If you are wondering how long it takes to become a nurse or how long a typical nursing program is you need to understand that there are different ways to earn a nursing degree that will make you eligible for a license. It may take students 1 to 4 years to earn a nursing degree depending on the educational path. They are discussed further below.

So what education is required to become a registered nurse? To become a registered nurse, you must complete the nursing program at an accredited nursing school and pass the National Council Licensing Examination (NCLEX-RN) to obtain your license (legal authority to practice as a nursing professional).

Diploma programs in nursing are hospital-based educational programs and usually take one to three years to complete depending on the curriculum. The first nursing schools established to train nurses were diploma programs and many nurses practicing today received their basic nursing education through these programs. The number of diploma nursing programs has steadily declined in recent years as many institutions require at least a two-year ADN.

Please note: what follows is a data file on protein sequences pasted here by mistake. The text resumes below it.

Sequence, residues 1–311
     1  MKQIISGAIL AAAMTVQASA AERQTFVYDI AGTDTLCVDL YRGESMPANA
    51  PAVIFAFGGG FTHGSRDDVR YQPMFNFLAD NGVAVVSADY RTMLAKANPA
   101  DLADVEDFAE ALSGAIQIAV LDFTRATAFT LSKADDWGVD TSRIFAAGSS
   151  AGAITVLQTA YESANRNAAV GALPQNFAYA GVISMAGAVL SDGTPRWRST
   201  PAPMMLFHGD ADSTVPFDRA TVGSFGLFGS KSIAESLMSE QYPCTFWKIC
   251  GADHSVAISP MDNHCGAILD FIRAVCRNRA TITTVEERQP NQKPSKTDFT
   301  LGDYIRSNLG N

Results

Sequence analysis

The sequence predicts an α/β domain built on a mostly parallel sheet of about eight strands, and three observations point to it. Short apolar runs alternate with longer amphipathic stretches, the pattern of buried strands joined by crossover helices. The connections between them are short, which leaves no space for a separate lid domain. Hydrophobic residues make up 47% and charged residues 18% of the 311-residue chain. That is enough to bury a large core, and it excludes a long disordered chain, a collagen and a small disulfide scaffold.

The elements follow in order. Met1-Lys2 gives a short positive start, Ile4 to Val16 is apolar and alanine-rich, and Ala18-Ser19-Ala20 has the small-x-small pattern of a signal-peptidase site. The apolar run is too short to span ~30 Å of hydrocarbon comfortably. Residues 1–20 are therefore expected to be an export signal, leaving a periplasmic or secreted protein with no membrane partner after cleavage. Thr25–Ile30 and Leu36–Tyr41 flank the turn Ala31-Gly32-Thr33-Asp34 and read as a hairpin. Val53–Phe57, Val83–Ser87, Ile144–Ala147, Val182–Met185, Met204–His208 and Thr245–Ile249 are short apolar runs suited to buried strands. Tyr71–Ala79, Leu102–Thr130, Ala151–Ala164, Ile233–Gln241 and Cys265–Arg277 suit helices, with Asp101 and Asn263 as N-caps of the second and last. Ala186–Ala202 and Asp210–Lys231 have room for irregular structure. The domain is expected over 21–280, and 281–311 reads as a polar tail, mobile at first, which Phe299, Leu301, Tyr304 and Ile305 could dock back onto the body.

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Currently, an associate’s degree in nursing (ADN) remains the most popular route for nurses to obtain a qualification. It usually takes two years to complete an associate degree in nursing. Coursework includes basic sciences, social sciences, nursing theory, and nursing practice.

The nursing profession set a goal in 2010 that 80% of practicing RNs would be qualified with a Bachelor of Science in Nursing (BSN) or higher by 2020. The “Future of Nursing” report from the Institute of Medicine states that nurses should have higher levels of achieve. of education against developments in the health care system. Recommendations from various nursing organizations have increased the number of entry-level BSN programs for professional practice at the baccalaureate level and that some employers have higher salary scales for nurses with a BSN degree than those with an ADN or diploma. A BSN qualification gives you a better chance of promotion, including positions in nursing management and administration. A BSN degree is also required as initial certification if you want to pursue a nursing specialty or if you want to study for a Master’s or Doctorate degree in nursing.